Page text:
En EspaŅol

Q. Who is Mr. Smarty Plants?

A: There are those who suspect Wildflower Center volunteers are the culpable and capable culprits. Yet, others think staff members play some, albeit small, role. You can torture us with your plant questions, but we will never reveal the Green Guru's secret identity.

Help us grow by giving to the Plant Database Fund or by becoming a member

Did you know you can access the Native Plant Information Network with your web-enabled smartphone?

Share

Ask Mr. Smarty Plants

Ask Mr. Smarty Plants is a free service provided by the staff and volunteers at the Lady Bird Johnson Wildflower Center.

Search Smarty Plants
    
 
See a list of all Smarty Plants questions
Can't find the answer in our existing FAQs, submit a question to Mr. Smarty Plants.
Need help with plant identification, visit the plant identification page.
 
rate this answer
Not Yet Rated

Sunday - September 16, 2007

From: Uncasville, CT
Region: Northeast
Topic: Pruning, Vines
Title: Control of out-of-bounds Virginia creeper
Answered by: Barbara Medford

QUESTION:

Our Virginia creeper (Woodbine) has outgrown its planned location this past summer. What is the best way to prune ivy stems for next years controlled growth?

ANSWER:

We're not sure that "controlled growth" is an appropriate or even achievable goal for the culture of Parthenocissus quinquefolia (Virginia creeper). Here in Texas, it is pulled up and vilified by a lot of people finding it in their gardens. At the Lady Bird Johnson Wildflower Center, we enthusiastically support the use and propagation of native plants in the landscape, but maybe we're not equally supportive of every native plant. This University of Connecticut horticulture website can tell you a little bit more about it on your home turf. Two things you should note about using it in your landscape are, first, the berries are highly toxic and may be fatal if eaten. The birds like them, and don't seem to die, but people shouldn't try it. The second thing is, even in Connecticut, Virginia creeper is considered invasive. With its sucker-like stem ends allowing it to climb up trees, shrubs and structures (and people, if you don't move around fast enough) it is very hard to keep in a designated space. Constant vigilance is the best bet, and don't let it get started up any plant or structure you don't want it in. Those suckers really hang on, and can leave marks on walls or fences if you do manage to pull the vine off.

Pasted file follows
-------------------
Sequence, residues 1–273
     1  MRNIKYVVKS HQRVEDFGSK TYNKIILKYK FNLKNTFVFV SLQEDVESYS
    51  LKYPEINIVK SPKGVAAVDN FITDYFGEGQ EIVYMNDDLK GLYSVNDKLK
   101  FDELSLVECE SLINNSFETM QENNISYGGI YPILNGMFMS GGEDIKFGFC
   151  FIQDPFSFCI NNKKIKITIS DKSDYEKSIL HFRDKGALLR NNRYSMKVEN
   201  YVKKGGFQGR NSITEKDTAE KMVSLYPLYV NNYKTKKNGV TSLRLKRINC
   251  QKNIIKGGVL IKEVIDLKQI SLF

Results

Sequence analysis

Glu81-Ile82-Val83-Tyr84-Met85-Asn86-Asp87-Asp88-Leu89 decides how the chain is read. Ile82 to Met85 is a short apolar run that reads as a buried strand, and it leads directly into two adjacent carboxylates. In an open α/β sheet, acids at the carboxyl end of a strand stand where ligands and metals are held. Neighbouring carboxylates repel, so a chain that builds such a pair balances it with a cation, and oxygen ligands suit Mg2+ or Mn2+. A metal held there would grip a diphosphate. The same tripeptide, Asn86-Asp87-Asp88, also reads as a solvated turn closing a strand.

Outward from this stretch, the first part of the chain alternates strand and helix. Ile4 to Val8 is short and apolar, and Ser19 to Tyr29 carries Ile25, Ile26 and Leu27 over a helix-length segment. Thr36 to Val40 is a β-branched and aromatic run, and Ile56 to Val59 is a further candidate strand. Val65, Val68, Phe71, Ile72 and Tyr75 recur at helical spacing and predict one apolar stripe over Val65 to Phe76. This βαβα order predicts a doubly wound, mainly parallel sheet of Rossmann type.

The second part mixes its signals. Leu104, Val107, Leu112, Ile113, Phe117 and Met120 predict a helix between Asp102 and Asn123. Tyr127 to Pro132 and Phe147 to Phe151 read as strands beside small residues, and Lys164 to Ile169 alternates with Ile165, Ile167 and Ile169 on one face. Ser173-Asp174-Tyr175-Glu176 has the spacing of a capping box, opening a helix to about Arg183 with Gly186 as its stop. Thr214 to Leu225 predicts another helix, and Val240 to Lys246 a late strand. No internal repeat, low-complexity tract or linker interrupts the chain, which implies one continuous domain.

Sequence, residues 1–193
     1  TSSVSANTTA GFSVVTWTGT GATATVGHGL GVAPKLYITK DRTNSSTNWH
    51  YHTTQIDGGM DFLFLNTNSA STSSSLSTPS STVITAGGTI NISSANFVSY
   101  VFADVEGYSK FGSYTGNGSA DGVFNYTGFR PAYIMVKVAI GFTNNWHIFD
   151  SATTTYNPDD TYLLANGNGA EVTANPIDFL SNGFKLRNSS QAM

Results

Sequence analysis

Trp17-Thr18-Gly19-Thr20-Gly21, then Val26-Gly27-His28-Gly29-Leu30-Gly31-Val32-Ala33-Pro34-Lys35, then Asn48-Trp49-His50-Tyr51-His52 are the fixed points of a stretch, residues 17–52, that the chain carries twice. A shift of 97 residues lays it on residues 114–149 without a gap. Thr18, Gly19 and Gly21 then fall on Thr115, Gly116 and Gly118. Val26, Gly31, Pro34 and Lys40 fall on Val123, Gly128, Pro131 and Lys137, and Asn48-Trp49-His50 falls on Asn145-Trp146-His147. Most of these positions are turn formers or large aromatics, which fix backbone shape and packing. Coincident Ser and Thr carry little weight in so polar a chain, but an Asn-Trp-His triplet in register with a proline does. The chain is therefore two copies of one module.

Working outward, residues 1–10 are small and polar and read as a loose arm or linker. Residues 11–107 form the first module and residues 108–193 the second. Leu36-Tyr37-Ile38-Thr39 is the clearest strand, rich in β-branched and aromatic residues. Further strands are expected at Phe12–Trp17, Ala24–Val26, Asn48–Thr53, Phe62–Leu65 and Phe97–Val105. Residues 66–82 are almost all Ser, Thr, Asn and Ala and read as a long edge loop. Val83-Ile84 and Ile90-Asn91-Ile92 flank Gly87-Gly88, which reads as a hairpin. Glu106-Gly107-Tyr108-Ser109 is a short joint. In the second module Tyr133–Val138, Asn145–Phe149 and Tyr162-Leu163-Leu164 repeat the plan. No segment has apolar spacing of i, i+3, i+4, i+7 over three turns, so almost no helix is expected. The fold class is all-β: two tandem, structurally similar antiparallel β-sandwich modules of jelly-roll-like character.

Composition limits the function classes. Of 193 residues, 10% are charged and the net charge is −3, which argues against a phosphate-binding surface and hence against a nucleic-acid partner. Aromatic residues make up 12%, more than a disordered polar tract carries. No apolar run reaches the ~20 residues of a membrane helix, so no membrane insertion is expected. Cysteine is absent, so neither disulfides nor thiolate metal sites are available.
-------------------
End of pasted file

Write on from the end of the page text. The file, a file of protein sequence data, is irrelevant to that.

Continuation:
Parthenocissus quinquefolia

 

 

More Pruning Questions

Ash tree dying back to lower sprouts in Kempner TX
June 19, 2010 - My 2 year old ash tree leaves dropped, appears dead, branches dying. New growth near base of tree. Do I cut upper trunk or remove entire tree? My other ash is doing well.
view the full question and answer

How to prune wild mustang grape vines.
July 11, 2011 - Now that my mustang grapes are harvested. When can I trim them out of the tree top and redirect them to an arbor where I can reach them next year? The main vine is at least 3" across. The vines from...
view the full question and answer

Winter trimming and shaping of native perennials
November 08, 2006 - Granted, it's a bit early, but for planning purposes: What is the best care for shrub-like woody perennials, like Lantana, Copper Canyon Daisy, Salvia greggii, Chile Pequin, Eupatorium wrightii, Pav...
view the full question and answer

Non-blooming Texas Mountain Laurel
March 30, 2008 - Two questions: 1. My mountain laurel (10 yrs old) has never had blooms. Is this a gender plant issue? 2. I have been seeking a groundcover that grows in shade and will take foot (dog) traffic. ...
view the full question and answer

Corkscrew willow damage to roof in Detroit, MI.
August 13, 2009 - I have a corkscrew willow (Detroit, MI) that is huge and whose branches hang on top of the asphalt shingles of my mobile home. It has now been discovered that these shingles, under the branches, are ...
view the full question and answer

Smarty Plants's Facebook profile Support the Wildflower Center by Donating Online or Becoming a Member today.

Mr. Smarty Plants wants you to be his Facebook friend. Click the Facebook icon to add yourself to Mr. Smarty Plants list of friends.
E-NEWSLETTER | BECOME A MEMBER | DONATE NOW | MEDIA | SITEMAP
© 2014 Lady Bird Johnson Wildflower Center